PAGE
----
"It's funny how heterosexuals
have lives and the rest of us have 'lifestyles'."
-- Sonia Johnson (1987)
Mind Caviar, Vol. 2 Fall-Winter Issue, 2001
Francisco, The Sexy Muse
by William Dean
As World War II concluded in the Pacific Theater, thousands of single sailors and marines, merchantmen and soldiers poured from their transit ships into San Francisco. Lt. Gore Vidal writes romantically about sailing into and cruising The Bay. After all, the first gay bar in The City had been open since 1908. Though never proven to be a bear, or even much of a dirty old gay man, Mark Twain probably lifted a cocktail or two in one of San Francisco's Market Street bars-- the kind that catered to man-to-man drinking and dancing-- maybe even a drag show. San Francisco inspires the observer, the author, the wit, and the poet even of such sage authors as Vidal. He recounts how the military men and women stayed on, no where else to go. No, they wouldn't go back to the sticks and hick towns where same-sex love was persecuted.
After the repeal of prohibition, several more gay and lesbian bars opened during the late 1920s and 1930s. The bath houses began around this time as well. Decades before that, however, lesbian sex performances livened up many of the dance halls of The Barbary Coast. Sexual freedom, intimately coupled with exploration of love and romance at the edge of a foggy sea, was a long-held tradition in the "City by the Bay" by the time Vidal and his thousands of horny veterans appeared in 1945 and 1946.
Robert Louis Stevenson had hung around here, that storyteller of pirates and sensitive sailors. Young Gore Vidal disembarked to write the classic, The City and the Pillar, America's first postwar gay literature since Walt Whitman's Leaves of Grass. Whitman had been popular in San Francisco circles and was said to have been the cathartic poetic epiphany for Allen Ginsburg's arrival in 1954. That same year, at the Hotel Wentley on Polk Street, one of the most celebrated gay couples in American Beat Literature met for the first time. Artist Robert La Vigne took Allen Ginsburg upstairs to his apartment. On the wall hung an enormous painting of a naked man with his legs spread. Ginsburg stared. In a moment or two, the model himself, a former lover of La Vigne's, entered the room: Peter Orlovsky. The love affair between Ginsburg and Orlovsky lasted thirty years.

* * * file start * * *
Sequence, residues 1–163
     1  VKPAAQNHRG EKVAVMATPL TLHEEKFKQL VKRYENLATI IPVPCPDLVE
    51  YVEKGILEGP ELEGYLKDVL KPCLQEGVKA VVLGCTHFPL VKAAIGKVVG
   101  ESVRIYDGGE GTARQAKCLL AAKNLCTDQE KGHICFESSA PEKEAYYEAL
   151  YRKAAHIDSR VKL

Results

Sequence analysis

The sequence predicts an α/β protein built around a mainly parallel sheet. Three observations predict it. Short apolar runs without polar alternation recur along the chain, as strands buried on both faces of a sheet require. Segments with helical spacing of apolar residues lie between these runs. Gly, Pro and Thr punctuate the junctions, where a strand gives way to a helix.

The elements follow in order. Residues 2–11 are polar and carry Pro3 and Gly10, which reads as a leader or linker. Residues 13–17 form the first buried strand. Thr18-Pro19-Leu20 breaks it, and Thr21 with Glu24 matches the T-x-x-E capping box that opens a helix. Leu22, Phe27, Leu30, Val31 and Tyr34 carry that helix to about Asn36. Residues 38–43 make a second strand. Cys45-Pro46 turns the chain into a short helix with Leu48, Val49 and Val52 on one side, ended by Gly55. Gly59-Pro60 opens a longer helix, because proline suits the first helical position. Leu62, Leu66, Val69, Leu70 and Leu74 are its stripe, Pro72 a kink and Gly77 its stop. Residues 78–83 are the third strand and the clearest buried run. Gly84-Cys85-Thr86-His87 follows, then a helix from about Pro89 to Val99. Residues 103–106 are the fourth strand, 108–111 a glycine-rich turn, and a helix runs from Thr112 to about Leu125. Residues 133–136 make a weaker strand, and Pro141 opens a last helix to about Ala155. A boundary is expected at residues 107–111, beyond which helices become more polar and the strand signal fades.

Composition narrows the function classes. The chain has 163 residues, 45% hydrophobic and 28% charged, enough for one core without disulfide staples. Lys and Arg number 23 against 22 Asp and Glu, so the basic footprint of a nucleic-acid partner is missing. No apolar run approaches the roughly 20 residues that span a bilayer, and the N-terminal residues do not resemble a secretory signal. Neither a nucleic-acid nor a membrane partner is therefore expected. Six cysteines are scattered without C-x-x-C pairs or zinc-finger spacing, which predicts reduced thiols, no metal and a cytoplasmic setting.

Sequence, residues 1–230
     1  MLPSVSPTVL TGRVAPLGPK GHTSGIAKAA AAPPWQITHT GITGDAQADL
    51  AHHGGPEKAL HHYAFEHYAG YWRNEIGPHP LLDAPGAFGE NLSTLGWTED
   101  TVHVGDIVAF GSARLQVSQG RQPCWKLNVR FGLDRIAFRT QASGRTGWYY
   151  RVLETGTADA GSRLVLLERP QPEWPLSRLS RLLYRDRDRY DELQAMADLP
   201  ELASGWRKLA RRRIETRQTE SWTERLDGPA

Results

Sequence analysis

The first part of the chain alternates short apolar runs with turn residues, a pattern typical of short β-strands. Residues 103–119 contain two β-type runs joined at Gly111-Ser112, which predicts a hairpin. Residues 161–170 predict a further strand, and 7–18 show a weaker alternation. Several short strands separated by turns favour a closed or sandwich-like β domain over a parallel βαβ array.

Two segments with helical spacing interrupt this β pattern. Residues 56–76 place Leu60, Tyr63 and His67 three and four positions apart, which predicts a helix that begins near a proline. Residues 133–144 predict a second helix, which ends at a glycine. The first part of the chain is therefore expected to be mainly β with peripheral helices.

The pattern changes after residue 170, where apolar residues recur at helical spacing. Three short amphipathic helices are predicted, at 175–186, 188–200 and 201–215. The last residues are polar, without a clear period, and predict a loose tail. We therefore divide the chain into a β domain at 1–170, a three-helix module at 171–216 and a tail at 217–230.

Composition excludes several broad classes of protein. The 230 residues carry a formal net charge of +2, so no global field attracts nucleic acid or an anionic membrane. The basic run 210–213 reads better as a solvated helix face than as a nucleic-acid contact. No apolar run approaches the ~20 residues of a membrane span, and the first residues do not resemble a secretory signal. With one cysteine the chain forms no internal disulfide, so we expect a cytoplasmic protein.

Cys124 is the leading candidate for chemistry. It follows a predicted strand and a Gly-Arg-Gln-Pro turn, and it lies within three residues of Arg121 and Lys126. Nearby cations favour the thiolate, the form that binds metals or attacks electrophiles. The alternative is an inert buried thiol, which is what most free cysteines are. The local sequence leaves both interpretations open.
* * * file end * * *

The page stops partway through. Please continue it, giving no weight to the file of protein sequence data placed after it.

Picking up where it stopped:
Whatever sensual atmosphere pervades San Francisco, the perfume of a restless, sometimes wild, ocean drifts in beneath the fabled fog-shrouded bridges. It is the western New York, scaled down to Gold Rush origins; the echo of old dance halls where sailors drank and paid to see women wearing no underwear; where the city first publically witnessed live lesbian sex acts on stage; where "O. Wilde and Servant" signed into the hotel register when he was twenty-seven years old.